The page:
Unlocking the Secrets of Bacterial Motility in Porous Microstructures: A Microfluidic Study

Bacteria have a crucial survival strategy of motility which helps them navigate in porous environments. These environments are essential for biogeochemical processes in quiescent wetlands and sediments. However, the understanding of self-transport mechanisms in confined interstices of porous media is limited. In this week’s research highlight, a Communications Physics paper sheds light on the movement of bacteria (Magnetococcus marinus) in a microfluidic chip mimicking the porous media with diverse geometries made using microfabrication techniques. The microfluidic device precisely tracks the cells’ motion and helps understand the interactions between cells and solid matrix surfaces.

“Here, we precisely track the movement of bacteria (Magnetococcus marinus) through a series of microfluidic porous media with broadly varying geometries and show how successive scattering events from solid surfaces decorrelate cell motion.“, the authors explained.

af Sample cell trajectories in porous microfluidic devices for various porosity, scale, and disorder of the obstacle lattice. See Table 1 for a full list of porous microfluidic geometries tested. Scale bars, 120 μm. a Cell trajectories in an open channel (porosity, σ = 1). b Ordered porous medium (σ = 0.55) with cylindrical pillars of diameter d = 85 μm, arranged in a hexagonal lattice with a lattice spacing c = 120 μm (scale, s = 1). c Disordered porous medium (σ = 0.55, s = 1), where d and average lattice spacing are similar to (b). d Porosity is varied by modifying the pillar diameters (d = 40 μm), while holding the lattice spacing constant (c = 120 μm). e Identical to (b), but with all features scaled up by a factor s = 1.5. f Identical to (c), but with increased porosity by reducing the pillar diameters to d = 20 μm. gi Normalized polar probability density of cell swimming directions in various geometries: g ordered lattice with varying porosity (s = 1), h ordered lattice with varying scale (σ = 0.55), and i disordered media with varying porosity (s = 1). Instantaneous swimming direction vectors are averaged over a 1 s interval within the ballistic regime of the cell trajectories to obtain average swimming directions, 〈ϕ1s. Cell trajectories were randomly sampled from the entire cell population (Supplementary Fig. 1), and the probability, p(〈ϕ1s), is normalized by its maximum value, pmax(〈ϕ1s).” Reproduced under Creative Commons Attribution 4.0 International License from Dehkharghani, A., Waisbord, N. & Guasto, J.S. Self-transport of swimming bacteria is impaired by porous microstructure. Commun Phys 6, 18 (2023)..

The research paper focuses on the movement of Magnetococcus marinus bacteria in porous media, with the aim of understanding the mechanisms that regulate self-transport in confined interstices. The researchers employed microfluidic techniques and conducted experiments on microfluidic chips with different geometries.

The results of the study highlight the importance of the effective mean free path in governing cell transport. The researchers found that the reduction of persistence length was the key mechanism hindering transport, and the effective mean free path of the medium was the primary geometric scale that dictated bacterial transport coefficients. The results also show that precise measurements of cell-surface interactions are crucial in understanding long-time transport.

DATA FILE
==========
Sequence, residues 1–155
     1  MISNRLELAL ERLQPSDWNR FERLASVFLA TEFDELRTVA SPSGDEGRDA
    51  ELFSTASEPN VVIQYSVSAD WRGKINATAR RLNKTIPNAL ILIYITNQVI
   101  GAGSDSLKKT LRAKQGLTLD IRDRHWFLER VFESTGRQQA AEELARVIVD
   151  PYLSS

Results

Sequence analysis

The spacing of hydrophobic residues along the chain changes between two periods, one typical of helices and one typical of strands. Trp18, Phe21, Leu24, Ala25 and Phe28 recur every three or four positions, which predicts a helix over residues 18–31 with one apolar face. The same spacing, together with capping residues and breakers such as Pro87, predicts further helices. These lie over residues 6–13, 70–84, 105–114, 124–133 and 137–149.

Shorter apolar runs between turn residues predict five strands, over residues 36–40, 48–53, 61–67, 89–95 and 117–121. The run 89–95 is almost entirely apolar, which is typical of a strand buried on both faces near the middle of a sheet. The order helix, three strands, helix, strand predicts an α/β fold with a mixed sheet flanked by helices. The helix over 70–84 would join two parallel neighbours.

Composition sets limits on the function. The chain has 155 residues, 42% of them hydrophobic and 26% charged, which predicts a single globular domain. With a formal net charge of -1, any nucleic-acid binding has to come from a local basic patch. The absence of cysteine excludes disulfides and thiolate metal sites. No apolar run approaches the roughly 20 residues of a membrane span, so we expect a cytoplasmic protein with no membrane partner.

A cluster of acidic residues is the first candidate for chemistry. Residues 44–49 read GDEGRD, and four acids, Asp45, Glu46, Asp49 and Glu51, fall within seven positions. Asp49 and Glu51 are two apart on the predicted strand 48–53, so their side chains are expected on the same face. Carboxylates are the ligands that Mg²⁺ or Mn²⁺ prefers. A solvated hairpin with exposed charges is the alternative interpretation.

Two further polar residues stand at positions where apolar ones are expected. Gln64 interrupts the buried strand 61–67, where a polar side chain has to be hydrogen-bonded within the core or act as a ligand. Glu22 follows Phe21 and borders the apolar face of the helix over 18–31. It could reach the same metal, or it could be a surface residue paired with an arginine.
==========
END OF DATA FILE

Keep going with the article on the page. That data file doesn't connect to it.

In addition, the researchers developed a theoretical model to predict cell diffusion based on easily measurable parameters, such as cell swimming speed and mean surface scattering angle. The model was consistent with experimental evidence and provides a reliable approach to forecast cell transport properties in porous media.

The study sheds light on how porous microstructure affects the transport of microbes, which is relevant to microbial ecology in sediments and soils. The approach used in the study may also be applied to explore how directed motility affects cell transport through porous microstructures and to investigate a range of micro-swimmers with different surface scattering properties.

The researchers suggest that future studies could extend this work to 3D environments of swimming microbes, using recently developed experimental techniques in microfabrication. The results of the study contribute to a comprehensive understanding of the mechanisms regulating self-transport in porous media and the interactions between cells and surfaces of the solid matrix. The findings of the study provide a foundation for further exploration of the physical ecology of swimming cells and their role in environmental and health hazards in stagnant porous media.

“The effect of directed motility on cell transport through porous microstructures is highly relevant to microbial ecology in sediments and soils, and this approach may provide new insights into magnetotaxis48 and chemotaxis49 in porous media. Although the present experiments and modeling were restricted to quasi-2D microfluidic geometries, recently developed experimental approaches50 could extend this work to model the naturally occurring 3D environments of swimming microbes.“, the authors explained.

Figures and the abstract are reproduced from Dehkharghani, A., Waisbord, N. & Guasto, J.S. Self-transport of swimming bacteria is impaired by porous microstructure. Commun Phys 6, 18 (2023). https://doi.org/10.1038/s42005-023-01136-w

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